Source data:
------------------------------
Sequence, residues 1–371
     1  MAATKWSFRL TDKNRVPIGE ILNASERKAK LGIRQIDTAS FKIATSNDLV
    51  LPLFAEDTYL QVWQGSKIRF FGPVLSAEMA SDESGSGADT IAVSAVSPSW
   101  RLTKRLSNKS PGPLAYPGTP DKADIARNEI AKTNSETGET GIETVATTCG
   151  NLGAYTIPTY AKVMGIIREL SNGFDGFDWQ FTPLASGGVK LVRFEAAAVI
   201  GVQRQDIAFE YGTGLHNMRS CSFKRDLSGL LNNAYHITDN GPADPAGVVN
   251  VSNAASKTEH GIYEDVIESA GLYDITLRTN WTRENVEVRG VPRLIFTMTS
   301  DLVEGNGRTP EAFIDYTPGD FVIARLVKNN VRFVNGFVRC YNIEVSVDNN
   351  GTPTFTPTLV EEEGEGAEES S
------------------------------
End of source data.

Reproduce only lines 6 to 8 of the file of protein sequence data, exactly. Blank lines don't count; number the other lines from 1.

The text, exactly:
   201  GVQRQDIAFE YGTGLHNMRS CSFKRDLSGL LNNAYHITDN GPADPAGVVN
   251  VSNAASKTEH GIYEDVIESA GLYDITLRTN WTRENVEVRG VPRLIFTMTS
   301  DLVEGNGRTP EAFIDYTPGD FVIARLVKNN VRFVNGFVRC YNIEVSVDNN